This section is from the book "A Research On The Eucalypts Especially In Regard To Their Essential Oils", by Richard T. Baker, Henry G. Smith. Also available from Amazon: A Research On The Eucalypts And Their Essential Oils.
The scheme of evolution of the Eucalypts formulated in the following article is further supported by following out the geographical distribution of the species.
Thus on the assumption that those Eucalypts known as the "Bloodwoods" and their affinities are the oldest group of these trees, and that Western Australia is the oldest portion of the continent, one would naturally expect to find them well represented in that part of the continent, and such is the case. The " Bloodwoods," and red-timbered Eucalypts especially, are the distinguishing features of the forest trees belonging to the Genus in Western and North-western Australia, and trees with these characters extend through the Northern Territory down Eastern Queensland, and Eastern New South Wales, discontinuing in the north-east corner of Victoria, there being no representative of this group in Tasmania, where only pale coloured timbers occur.
The closely allied Genus Angophora accompanies the red-timbered Eucalypts in Queensland, down through New South Wales, finishing with one species, Angophora intermedia, on the Grampians, in Victoria. No Angophora species has been recorded from Tasmania, and no red wood Eucalyptus, either, for the matter of that - a pale timber feature that extends well into Victoria. Pale-coloured timbers also extend north, far into New South Wales. In this latter State we find in addition to the red woods, the groups of "Peppermints," "Stringybarks," and "Gums," gradually increase in number and importance as one travels south to Victoria, until in Tasmania they are the only representatives of the genus-the red woods and "Bloodwoods" being quite absent.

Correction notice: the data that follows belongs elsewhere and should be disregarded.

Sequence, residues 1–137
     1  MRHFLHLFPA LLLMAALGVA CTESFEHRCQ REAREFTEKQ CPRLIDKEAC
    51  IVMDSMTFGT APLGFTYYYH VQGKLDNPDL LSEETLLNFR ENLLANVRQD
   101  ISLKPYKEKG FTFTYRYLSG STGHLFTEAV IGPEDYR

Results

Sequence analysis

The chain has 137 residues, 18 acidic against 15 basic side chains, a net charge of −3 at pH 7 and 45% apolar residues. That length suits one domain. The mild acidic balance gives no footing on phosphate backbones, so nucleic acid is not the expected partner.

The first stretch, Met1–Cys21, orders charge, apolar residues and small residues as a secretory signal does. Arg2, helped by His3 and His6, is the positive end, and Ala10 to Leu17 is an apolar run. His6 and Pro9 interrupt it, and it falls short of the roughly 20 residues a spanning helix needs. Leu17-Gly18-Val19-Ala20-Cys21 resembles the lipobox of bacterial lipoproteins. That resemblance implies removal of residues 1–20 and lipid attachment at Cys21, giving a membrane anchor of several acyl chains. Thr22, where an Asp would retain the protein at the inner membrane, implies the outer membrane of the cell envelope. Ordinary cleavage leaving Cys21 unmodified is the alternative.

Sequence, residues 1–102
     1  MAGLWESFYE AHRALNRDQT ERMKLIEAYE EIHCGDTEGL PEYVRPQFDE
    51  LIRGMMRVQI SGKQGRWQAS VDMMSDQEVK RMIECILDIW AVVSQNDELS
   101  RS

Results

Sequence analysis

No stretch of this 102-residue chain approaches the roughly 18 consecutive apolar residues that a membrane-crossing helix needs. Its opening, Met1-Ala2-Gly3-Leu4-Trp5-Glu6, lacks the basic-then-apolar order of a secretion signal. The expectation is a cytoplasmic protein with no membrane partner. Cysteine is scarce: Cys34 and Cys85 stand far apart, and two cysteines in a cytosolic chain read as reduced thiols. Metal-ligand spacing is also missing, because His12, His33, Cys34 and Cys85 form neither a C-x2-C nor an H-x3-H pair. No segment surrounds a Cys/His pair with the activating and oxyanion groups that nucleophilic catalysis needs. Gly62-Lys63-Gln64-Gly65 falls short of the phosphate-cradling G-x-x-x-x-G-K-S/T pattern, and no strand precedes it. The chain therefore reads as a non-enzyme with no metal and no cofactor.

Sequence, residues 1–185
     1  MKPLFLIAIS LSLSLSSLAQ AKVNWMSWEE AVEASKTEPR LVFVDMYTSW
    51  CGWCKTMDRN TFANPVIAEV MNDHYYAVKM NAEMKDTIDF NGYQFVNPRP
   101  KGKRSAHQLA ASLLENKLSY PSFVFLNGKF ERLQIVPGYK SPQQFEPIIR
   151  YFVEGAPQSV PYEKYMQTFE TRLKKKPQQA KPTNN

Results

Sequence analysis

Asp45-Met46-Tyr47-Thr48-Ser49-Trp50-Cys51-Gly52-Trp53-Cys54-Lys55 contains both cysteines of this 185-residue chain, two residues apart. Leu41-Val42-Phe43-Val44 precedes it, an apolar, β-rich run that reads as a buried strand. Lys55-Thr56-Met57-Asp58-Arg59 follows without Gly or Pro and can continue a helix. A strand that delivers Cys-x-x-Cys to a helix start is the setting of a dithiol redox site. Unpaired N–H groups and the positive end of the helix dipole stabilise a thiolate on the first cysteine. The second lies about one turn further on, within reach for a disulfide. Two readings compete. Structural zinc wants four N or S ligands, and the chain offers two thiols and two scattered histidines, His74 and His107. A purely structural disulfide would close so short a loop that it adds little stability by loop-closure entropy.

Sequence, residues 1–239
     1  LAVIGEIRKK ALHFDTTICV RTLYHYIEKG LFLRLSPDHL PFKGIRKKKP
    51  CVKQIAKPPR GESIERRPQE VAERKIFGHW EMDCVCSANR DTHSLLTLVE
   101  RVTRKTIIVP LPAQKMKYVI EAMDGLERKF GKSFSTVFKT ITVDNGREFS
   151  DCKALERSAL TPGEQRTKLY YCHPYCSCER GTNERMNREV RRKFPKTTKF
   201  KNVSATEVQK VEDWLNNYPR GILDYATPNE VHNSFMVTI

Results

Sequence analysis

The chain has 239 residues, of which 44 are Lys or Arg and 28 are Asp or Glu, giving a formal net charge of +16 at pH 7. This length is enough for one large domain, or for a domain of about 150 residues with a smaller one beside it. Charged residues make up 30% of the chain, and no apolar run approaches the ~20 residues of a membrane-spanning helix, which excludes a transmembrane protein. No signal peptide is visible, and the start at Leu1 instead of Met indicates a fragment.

Branching off at different intervals from the main line of species are the "Ironbarks," "Gums," "Boxes," "Mallees," "Stringybarks," and "Peppermints." The "Ironbarks" are an interesting group, and evidently are closely connected with the members which yield oils richest in cineol.
Not only do we thus find an evolutionary agreement with the geology and botany, but this is further confirmed by the chemistry, for according to the above reasoning the more recent of the species shown at the end of our table, are found to yield phellandrene-bearing oils, while with the most ancient species occurring at the beginning of the table the terpene is pinene.
Thus applying the table of evolution to a contour map of Australia in the order of geological age, the head or primary species (the red woods) are found in the western portion of the continent, and then travelling north and south, complete the range with the pale-coloured timbers in Tasmania and Southern Victoria.